Friday, September 11, 1998 Published at 10:01 GMT 11:01 UK
World: South Asia
UN warns of Bangladesh disaster
Rafting to shelter in Dhaka
He said the disaster could only be alleviated if a huge relief operation is launched.
The warning came as the International Red Cross said it was fighting a losing battle in its efforts to get relief supplies and safe drinking water to stricken villages across the country.
"The situation is now alarming in Dhaka," the state-owned Bangladesh Television said of the city, two-thirds of which is now under water with floods threatening parts of the international airport.
Officials in Bangladesh say Dhaka tops the danger list of cities facing complete devastation.
Continual efforts are being made there to prevent the collapse of an embankment protecting up to 500,000 homes on the eastern side of the city.
The Flood Forecasting and Warning Centre said the swollen Buriganga river is likely to rise even higher than its current level, already a metre above the danger level.
So far, the floods have killed more than 700 people and left more than 21m homeless, and it is still believed that the waters could rise further before they recede.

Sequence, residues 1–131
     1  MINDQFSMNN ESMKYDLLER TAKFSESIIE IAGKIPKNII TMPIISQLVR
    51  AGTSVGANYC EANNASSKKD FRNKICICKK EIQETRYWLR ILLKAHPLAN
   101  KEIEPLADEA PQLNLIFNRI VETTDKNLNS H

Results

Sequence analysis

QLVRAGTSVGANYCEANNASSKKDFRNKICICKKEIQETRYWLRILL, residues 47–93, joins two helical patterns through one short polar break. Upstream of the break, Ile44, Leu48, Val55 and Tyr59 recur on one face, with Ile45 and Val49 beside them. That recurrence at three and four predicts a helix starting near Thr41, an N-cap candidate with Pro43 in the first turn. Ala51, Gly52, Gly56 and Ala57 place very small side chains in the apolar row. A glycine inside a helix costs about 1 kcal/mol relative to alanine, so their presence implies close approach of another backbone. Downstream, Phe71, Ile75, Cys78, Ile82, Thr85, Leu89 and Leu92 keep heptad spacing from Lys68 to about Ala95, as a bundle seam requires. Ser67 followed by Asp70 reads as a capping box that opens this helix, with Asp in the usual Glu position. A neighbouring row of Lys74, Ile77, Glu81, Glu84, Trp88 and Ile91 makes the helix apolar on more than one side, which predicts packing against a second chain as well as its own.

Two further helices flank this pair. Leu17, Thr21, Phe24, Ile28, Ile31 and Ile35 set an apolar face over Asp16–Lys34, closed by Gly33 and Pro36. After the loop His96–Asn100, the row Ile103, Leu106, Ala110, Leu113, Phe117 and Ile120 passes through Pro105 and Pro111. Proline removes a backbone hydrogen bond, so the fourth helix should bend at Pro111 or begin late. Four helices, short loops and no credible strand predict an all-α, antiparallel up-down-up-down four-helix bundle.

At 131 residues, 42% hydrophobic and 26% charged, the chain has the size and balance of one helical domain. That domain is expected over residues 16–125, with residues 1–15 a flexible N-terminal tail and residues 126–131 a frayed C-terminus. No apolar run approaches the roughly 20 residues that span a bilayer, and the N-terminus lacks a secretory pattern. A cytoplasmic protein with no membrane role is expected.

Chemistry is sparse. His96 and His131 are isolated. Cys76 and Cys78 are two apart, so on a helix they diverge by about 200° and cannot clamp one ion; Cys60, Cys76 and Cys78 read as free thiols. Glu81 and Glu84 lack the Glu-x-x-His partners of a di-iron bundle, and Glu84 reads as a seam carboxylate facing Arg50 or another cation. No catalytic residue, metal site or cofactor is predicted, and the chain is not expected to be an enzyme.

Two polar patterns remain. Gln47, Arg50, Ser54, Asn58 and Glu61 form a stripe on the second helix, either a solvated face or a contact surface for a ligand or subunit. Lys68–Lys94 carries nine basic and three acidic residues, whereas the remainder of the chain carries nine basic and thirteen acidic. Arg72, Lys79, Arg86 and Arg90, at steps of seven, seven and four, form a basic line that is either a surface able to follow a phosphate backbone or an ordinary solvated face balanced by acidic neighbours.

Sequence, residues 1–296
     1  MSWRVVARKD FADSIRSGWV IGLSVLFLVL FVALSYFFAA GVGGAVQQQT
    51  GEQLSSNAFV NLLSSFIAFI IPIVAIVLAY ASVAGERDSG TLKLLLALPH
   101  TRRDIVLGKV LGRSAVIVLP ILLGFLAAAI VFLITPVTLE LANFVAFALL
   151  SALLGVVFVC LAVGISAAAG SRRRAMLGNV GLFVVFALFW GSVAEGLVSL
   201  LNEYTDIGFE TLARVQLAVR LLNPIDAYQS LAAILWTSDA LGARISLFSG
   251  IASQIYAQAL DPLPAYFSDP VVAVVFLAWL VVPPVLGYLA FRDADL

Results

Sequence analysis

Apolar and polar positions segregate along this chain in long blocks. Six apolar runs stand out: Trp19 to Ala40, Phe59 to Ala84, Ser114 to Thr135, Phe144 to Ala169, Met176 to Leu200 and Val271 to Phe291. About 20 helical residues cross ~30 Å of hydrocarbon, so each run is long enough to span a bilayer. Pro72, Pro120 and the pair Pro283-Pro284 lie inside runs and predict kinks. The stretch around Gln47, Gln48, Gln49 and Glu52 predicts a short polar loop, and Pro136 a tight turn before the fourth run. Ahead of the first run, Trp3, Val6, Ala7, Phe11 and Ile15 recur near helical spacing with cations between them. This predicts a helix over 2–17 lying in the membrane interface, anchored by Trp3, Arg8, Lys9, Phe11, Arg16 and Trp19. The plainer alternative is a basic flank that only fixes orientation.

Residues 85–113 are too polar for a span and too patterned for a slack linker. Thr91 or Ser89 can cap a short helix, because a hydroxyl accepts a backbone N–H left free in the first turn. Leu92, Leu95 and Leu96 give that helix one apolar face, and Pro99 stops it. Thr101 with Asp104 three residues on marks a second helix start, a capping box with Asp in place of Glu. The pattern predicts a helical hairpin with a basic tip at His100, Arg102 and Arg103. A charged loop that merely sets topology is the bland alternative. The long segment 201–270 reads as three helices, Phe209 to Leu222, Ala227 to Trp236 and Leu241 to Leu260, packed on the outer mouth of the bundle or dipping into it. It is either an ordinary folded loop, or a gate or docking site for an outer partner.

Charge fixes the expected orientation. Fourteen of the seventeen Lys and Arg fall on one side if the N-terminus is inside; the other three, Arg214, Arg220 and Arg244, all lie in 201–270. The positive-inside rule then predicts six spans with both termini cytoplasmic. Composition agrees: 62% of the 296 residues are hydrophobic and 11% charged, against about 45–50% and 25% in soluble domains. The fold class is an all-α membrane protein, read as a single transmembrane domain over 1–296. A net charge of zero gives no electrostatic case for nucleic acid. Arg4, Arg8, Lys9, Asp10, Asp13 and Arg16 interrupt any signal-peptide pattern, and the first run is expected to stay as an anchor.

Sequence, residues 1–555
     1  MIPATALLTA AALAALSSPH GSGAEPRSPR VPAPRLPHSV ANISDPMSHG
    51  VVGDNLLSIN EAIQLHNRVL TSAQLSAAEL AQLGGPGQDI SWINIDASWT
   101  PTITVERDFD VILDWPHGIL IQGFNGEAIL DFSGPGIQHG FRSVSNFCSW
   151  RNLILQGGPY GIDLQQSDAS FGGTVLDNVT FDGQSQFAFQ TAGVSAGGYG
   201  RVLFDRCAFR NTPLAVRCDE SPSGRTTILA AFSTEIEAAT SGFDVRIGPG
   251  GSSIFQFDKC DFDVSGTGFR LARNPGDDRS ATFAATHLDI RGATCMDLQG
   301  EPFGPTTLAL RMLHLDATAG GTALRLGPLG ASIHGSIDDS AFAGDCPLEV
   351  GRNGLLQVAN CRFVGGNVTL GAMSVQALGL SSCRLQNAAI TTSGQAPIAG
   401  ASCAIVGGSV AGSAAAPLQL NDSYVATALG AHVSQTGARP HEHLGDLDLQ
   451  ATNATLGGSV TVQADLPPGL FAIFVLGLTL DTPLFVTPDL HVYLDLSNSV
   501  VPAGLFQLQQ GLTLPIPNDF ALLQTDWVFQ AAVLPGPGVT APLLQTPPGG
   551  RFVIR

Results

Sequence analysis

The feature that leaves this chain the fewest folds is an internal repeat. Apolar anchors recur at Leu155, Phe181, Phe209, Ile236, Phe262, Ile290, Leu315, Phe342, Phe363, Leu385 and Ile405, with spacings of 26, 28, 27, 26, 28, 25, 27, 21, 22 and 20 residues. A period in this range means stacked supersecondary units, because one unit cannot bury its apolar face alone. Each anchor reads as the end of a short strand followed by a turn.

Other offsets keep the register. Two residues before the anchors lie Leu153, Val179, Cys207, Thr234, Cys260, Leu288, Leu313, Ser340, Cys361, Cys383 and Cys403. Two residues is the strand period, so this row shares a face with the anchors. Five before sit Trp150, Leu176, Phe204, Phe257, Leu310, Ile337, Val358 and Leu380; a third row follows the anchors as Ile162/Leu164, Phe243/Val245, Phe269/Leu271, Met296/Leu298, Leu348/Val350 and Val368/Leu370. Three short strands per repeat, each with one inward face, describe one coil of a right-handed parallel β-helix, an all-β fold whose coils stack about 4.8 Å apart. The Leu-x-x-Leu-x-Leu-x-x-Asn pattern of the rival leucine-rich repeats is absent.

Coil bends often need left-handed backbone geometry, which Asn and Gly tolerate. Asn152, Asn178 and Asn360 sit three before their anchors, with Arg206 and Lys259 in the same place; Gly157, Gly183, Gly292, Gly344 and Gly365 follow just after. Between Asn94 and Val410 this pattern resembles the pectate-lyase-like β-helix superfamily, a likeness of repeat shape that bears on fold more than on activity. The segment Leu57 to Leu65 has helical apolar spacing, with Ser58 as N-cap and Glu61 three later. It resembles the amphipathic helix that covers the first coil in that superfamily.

And as Dhaka's hospitals continue to fill up with patients suffering severe diarrhoea, foreign governments have issued health warnings to their nationals resident in the country.
Foreign relief pledged
The Bangladesh Prime Minister, Sheikh Hasina, has been defending her government against opposition criticism that the country was late in asking for aid and inadequately prepared for the disaster.
Pledges of foreign aid are arriving in response to Bangladesh's appeals for $879m for emergency relief and post-floods rehabilitation.
The British Prime Minister, Tony Blair, has offered additional aid of $36m - according to reports on Friday - and the International Monetary Fund has also offered an emergency grant of $98m.